Everyone at this school has a dream.

Imagine you spend your life pursuing that dream and you successfully achieve it. But then imagine that after you die, the government and other outside forces alter and destroy your lasting contribution to fit their own goals.

This spring break, I took a trip to Lower Merion Township, a Philadelphia suburb, to see the soon-to-be-relocated Barnes Foundation — one man’s lifelong dream that is about to die.

Albert Barnes, an 1892 Penn Medical School graduate and an excellent businessman, was an art enthusiast. He spent his vast fortune collecting mostly post-impressionist and early modernist works before they became famous. Just as a sample, the museum has 181 Renoirs, 69 Cezannes, 59 Matisses, 46 Picassos and seven van Goghs. It is now worth an estimated $25 billion.

But he did not like the big-city, white-walled museums that were developing in 20th century America. He wanted to produce a different experience. So he placed his collection in a mansion in the suburbs of Philadelphia, away from the hustle and bustle of the city but close enough so that it could still be accessible.

To protect his vision, he wrote a very explicit will giving control of the collection to Lincoln University and saying that it could not be moved.

When I headed out to the museum over spring break, I began to understand Barnes’ vision.

The trip itself felt like a pilgrimage. After a 10-minute SEPTA ride to Merion station and a mile-long walk in a beautiful neighborhood, I reached an open gate and a mansion.

Inside, I was greeted by a large room of works that I had only seen in textbooks. To my right, was Cezanne’s Card Players, while above was Matisse’s La Danse.

For the first time, I entered a museum and did not want to take the audio tour. This place is above that. It’s about learning to look so that you discover the magnificence of these works by yourself.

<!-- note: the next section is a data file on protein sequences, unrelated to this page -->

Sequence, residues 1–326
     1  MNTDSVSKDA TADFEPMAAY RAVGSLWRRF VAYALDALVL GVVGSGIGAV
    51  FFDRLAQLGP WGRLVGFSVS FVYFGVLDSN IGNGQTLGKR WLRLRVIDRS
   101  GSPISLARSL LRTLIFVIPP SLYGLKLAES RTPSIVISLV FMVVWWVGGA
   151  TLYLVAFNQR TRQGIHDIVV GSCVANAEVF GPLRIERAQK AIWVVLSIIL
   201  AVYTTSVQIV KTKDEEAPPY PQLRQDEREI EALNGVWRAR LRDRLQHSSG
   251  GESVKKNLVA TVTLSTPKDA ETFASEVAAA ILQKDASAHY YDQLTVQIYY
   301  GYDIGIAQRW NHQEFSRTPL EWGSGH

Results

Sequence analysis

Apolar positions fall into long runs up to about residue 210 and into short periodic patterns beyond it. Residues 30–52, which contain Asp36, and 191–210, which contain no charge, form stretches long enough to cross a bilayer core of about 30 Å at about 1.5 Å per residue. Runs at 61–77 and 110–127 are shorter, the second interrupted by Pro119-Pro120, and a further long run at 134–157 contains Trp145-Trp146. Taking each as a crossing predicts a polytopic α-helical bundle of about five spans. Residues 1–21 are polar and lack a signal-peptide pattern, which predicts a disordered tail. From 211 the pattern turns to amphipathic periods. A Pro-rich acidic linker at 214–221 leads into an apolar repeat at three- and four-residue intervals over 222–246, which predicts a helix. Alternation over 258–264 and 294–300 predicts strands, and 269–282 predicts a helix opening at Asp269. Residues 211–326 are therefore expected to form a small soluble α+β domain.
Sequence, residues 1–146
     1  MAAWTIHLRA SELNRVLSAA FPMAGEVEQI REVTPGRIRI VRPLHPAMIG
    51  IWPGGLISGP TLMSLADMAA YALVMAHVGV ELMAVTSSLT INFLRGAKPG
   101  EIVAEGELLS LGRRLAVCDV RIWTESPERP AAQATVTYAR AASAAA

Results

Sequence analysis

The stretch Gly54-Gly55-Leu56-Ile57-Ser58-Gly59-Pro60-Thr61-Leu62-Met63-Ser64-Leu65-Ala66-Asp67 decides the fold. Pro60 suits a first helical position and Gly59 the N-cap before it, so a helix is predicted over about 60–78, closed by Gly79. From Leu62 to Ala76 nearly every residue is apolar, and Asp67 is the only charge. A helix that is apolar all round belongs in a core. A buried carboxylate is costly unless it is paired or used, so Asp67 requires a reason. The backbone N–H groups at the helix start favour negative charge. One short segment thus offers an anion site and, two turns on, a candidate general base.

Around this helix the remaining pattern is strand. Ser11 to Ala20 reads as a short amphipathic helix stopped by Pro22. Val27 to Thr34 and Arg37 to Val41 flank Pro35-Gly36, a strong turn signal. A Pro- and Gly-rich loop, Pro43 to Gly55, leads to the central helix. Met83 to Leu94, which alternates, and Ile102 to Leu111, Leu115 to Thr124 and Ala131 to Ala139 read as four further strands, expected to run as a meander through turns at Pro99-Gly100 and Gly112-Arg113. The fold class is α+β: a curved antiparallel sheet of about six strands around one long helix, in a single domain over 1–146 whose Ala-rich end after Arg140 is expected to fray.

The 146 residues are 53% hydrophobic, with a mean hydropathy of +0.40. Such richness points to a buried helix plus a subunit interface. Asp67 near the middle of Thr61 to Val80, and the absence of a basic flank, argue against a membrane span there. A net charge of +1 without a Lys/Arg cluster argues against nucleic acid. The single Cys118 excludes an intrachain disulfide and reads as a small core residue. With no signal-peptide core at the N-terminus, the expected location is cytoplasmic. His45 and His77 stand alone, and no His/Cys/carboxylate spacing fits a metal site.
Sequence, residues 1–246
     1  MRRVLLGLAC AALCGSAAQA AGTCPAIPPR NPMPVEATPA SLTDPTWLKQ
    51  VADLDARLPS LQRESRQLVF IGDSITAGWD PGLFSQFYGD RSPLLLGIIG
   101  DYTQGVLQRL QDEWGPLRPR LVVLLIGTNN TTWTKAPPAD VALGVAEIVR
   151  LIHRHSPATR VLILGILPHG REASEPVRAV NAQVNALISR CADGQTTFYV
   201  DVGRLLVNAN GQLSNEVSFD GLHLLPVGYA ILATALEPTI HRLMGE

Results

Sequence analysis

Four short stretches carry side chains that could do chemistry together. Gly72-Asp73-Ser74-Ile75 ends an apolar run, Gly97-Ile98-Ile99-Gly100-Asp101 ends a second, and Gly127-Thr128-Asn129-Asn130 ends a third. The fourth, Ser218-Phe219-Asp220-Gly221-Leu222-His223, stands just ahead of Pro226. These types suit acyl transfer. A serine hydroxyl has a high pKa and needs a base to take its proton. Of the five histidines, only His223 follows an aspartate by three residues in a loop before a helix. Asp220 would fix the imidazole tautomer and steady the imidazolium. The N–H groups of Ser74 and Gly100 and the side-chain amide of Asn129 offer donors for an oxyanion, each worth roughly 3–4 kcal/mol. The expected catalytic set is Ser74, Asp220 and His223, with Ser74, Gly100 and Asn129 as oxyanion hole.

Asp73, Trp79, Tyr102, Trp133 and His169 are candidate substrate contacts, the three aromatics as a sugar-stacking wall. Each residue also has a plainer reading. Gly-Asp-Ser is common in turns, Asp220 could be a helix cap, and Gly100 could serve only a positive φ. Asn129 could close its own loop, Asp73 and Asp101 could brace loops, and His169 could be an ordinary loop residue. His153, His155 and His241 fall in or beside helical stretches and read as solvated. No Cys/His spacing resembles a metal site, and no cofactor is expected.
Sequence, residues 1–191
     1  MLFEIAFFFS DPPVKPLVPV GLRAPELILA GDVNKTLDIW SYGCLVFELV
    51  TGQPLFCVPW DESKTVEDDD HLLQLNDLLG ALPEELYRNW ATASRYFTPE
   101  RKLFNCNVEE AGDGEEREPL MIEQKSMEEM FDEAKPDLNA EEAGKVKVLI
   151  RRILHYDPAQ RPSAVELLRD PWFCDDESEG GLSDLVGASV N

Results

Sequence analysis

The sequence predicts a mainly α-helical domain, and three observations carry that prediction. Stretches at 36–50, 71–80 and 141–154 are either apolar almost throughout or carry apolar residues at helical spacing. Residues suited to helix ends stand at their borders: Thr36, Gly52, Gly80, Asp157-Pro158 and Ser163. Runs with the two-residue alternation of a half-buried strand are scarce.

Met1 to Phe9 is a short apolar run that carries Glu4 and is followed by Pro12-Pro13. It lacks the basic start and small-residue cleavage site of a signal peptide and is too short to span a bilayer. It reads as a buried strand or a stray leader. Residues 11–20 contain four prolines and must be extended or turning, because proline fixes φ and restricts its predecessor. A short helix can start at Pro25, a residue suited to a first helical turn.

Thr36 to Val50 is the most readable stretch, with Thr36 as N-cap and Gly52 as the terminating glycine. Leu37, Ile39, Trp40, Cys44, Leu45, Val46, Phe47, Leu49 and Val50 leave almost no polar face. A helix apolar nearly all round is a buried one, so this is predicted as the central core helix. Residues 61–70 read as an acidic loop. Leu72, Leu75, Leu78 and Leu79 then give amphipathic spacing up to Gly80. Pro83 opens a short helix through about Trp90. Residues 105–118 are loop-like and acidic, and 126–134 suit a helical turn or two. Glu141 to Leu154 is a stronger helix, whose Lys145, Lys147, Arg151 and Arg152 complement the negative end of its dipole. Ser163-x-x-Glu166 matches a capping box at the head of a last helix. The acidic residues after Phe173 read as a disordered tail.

This was the aesthetic experience that Barnes wanted visitors to have — and that you get nowhere else.

The process by which the Barnes Foundation was taken over and forced to move is detailed in the documentary The Art of the Steal.

In a nutshell, powerful forces in Philadelphia claimed that not enough people were able to see the paintings and that the museum was financially untenable.

Pressure from the government and three non-profits convinced Lincoln University to expand the museum’s Board of Trustees so that it was now dominated by representatives from those non-profits, who then decided to move the museum.

What a surprise that then-governor Ed Rendell soon invested $80 million of taxpayer money for a new building at Lincoln. The state also spent $100 million to assist in the Barnes moving project. That money could have been spent on keeping the Barnes in Merion.

The bottom line is that this effort underscores an urban liberalism advanced by Rendell and his mayoral successor John Street that has slowly permeated much leadership since the 1960s. It is focused on unwieldy government destroying individual acts of achievement at the whims of what suits its political interests. And even a will that the state law enforcement has a duty to protect will not stop them.

The government wanted to promote tourism in Philadelphia and decided to do that by taking the Barnes from Montgomery County.

This story may yet have a happy ending. A court hearing is scheduled for Friday to address new evidence, because Rendell and former Attorney General Mike Fisher basically admitted in The Art of the Steal to pressuring Lincoln to give up control of the board.

But if that does not work, all of us have one last chance to see the Barnes in its real, original state until it closes in July and moves to the Benjamin Franklin Parkway next year. Take that chance — before you see passion and dream of a man become the toy of three nonprofits and one big municipal government.

Charles Gray is a Wharton and College junior from Casper, Wyo. His e-mail address is gray@theDP.com. The Gray Area appears every Tuesday.

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